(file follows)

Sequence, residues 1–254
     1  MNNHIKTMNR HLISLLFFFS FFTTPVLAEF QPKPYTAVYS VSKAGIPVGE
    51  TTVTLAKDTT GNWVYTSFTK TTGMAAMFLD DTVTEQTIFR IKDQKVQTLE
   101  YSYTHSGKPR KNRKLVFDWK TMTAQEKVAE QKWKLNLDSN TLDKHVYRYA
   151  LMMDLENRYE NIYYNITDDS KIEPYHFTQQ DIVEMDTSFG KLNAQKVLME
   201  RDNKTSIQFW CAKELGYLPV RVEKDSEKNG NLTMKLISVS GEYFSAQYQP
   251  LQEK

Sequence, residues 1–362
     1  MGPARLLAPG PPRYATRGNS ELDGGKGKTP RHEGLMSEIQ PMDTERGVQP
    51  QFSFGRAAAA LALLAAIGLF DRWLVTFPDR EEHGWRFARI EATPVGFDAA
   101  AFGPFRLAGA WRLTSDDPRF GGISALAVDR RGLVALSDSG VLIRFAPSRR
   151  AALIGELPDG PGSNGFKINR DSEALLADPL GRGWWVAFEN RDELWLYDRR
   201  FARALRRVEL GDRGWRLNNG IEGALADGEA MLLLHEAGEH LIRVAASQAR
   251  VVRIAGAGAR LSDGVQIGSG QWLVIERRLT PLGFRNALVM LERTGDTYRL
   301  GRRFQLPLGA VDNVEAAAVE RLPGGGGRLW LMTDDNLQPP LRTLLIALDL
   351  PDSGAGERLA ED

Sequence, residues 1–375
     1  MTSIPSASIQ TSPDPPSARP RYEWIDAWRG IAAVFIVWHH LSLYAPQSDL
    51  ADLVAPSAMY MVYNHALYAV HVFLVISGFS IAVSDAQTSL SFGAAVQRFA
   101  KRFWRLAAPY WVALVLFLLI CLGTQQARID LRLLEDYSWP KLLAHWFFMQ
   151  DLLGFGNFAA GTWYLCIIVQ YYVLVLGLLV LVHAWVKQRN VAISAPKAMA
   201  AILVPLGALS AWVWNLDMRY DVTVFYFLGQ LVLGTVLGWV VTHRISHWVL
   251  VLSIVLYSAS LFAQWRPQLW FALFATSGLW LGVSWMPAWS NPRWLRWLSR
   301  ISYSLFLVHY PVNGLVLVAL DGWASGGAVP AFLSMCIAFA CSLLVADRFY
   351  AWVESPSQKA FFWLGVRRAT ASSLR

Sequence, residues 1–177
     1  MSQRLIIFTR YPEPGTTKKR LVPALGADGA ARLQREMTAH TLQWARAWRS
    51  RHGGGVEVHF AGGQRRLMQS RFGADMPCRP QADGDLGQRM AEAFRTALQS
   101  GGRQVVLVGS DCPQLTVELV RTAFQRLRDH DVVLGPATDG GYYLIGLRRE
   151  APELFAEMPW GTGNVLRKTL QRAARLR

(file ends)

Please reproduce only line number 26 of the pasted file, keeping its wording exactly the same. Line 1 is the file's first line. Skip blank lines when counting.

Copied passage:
Sequence, residues 1–177